• Arizona: Tax on Incomes Exceeding $250,000 for Teacher Salaries and Schools Initiative: Voters approved an income tax hike on the state’s highest earners to fund education.
    • Virginia: Redistricting Commission Amendment: Voters approved to transfer the task of drawing district lines every 10 years from the state legislature to a bipartisan redistricting committee of  eight citizens and eight legislative members. The constitutional amendment limits the state’s long history of partisan and racial gerrymandering. 
    • Results of 2020 State and Local Tax Ballot Measures


COVID-19 Update

  • COVID-19 infections are soaring. Lockdowns could be coming. A list of restrictions in your state. As COVID-19 cases, hospitalizations and deaths continue to rise nationwide, some states are halting phased reopening plans or imposing new coronavirus-related restrictions. Several are putting limits on social gatherings, adding states to travel quarantine lists, mandating face masks and encouraging residents to stay home, as many did in the spring. Others are restricting business hours of operation and limiting restaurant capacity. Thirty-four states – plus the District of Columbia and Puerto Rico – now require people to wear face coverings in public, according to a list maintained by AARP. Utah joined the list in recent days, Maine strengthened its mandate, and Ohio's governor reissued an order this week with new sanctions And on Friday, the governors of New Mexico, Oregon, Vermont, Virginia and West Virginia announced additional coronavirus restrictions. Read more here.
  • Shutdowns possible in Illinois, Maryland, Washington state as governors weigh more restrictions Governors for Illinois, Maryland and Washington said Thursday that they have not ruled out ramping up restrictions or enforcement, even if that means forcing businesses to close to reduce the spread of the virus. Illinois and Maryland topped their highs Thursday for their seven-day averages of new cases, while Washington state had not yet reported its daily total.
    • On the same day Illinois tallied its most reported coronavirus infections in a day, 12,702 cases, Gov. J.B. Pritzker (D) said it was “certainly likely if the numbers continue going in the wrong direction that we may take more-stringent action” — including another statewide shutdown. “Right now that seems where we are headed,” he said of the possibility of a stay-at-home order being issued in the next 30 days. Pritzker praised Chicago Mayor Lori Lightfoot (D) for issuing an advisory Thursday encouraging residents to stay home if possible, and he admonished other local officials in Illinois who were not enforcing rules or were pushing baseless claims.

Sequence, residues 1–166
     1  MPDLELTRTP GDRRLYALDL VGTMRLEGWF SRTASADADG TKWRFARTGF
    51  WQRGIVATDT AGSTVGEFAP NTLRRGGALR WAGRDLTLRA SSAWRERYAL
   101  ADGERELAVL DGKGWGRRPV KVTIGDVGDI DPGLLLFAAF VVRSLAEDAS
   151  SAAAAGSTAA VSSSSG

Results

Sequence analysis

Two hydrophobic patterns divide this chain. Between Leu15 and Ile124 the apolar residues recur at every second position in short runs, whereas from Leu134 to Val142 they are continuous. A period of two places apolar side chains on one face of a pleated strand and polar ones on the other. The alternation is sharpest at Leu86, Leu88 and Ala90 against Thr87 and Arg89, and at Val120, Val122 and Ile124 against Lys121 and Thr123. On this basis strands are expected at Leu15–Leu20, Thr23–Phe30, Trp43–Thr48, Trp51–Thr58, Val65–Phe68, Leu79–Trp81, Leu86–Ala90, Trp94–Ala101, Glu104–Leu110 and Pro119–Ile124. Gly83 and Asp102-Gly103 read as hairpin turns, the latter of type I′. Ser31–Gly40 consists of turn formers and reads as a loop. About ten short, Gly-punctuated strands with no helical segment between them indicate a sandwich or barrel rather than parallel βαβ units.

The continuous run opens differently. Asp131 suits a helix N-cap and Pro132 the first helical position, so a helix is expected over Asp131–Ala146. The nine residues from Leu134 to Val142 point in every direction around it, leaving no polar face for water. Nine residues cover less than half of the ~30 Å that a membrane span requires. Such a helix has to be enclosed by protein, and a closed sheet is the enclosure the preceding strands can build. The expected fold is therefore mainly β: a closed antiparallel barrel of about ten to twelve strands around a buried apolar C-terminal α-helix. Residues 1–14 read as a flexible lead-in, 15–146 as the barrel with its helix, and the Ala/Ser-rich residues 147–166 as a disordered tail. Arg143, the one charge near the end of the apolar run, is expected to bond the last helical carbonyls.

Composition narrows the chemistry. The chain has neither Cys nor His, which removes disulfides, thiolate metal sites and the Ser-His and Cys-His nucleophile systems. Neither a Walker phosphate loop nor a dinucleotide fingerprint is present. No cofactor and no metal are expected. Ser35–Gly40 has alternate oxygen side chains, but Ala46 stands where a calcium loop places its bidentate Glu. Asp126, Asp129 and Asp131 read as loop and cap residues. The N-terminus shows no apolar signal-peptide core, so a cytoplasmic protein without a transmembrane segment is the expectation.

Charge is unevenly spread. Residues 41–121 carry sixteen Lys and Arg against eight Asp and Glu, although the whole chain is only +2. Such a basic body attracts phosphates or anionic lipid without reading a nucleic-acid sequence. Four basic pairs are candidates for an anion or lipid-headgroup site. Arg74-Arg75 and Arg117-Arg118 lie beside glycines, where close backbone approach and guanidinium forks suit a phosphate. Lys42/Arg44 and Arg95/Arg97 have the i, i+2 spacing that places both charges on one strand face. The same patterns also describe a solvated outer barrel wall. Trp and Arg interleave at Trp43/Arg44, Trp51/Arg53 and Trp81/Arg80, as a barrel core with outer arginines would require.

• In Maryland, where 1,477 new cases were reported, Gov. Larry Hogan (R) was asked about the possibility of a second shutdown. He said that while the state never fully locked down during the beginning of the pandemic, all options were being considered during this recent nationwide surge. “Might we have to take more restrictive actions over the coming weeks and months? Absolutely we might,” he said.
    • Washington Gov. Jay Inslee (D) said he was “strongly considering” additional shutdowns and would be making an announcement Monday. Read more here.


Tax Policy Update

  • New Jersey May Become Model for SALT Workarounds Blessed by IRS: More states are expected to pass laws letting businesses avoid the limit on personal tax deductions for state and local taxes, following IRS guidance approving the workaround. Already, states including New Jersey and Connecticut softened the blow of the $10,000 SALT cap with provisions for pass-through businesses like partnerships and S corporations, which are taxed normally at the owner level.
    • The IRS said Monday in a notice that forthcoming proposed rules will allow the states’ workaround, which involves an entity-level tax that is offset by a corresponding individual income tax credit.
    • “Now that the uncertainty has been removed, you are going to see more states enact some form of pass-through entity tax,” said Marc Finer, a Hartford, Conn.-based tax attorney at Murtha Cullina LLP, who warned last year that benefits from Connecticut’s workaround could be short-lived because of uncertainty about how the IRS would treat it.
    • Connecticut’s workaround law is mandatory, so partners or shareholders have no control over whether they keep pass-through status. The SALT cap was a politically fraught element of the 2017 Republican tax law, and is generally opposed by Democrats in high-tax states. Connecticut became the first state to enact the workaround in 2018. Since then tax advisers have generally been viewing the IRS’s silence as acquiescence.
    • Bruce Ely, a partner at Bradley Arant Boult Cummings LLP in Birmingham, Ala., estimated that as many as four more states could enact workarounds in upcoming legislative sessions. He expects Alabama to introduce a bill when its Legislature meets in February. “Right now I’m going to go back to my legislators and show them this notice,” Ely said. “There is no concern now about the validity of these taxes.”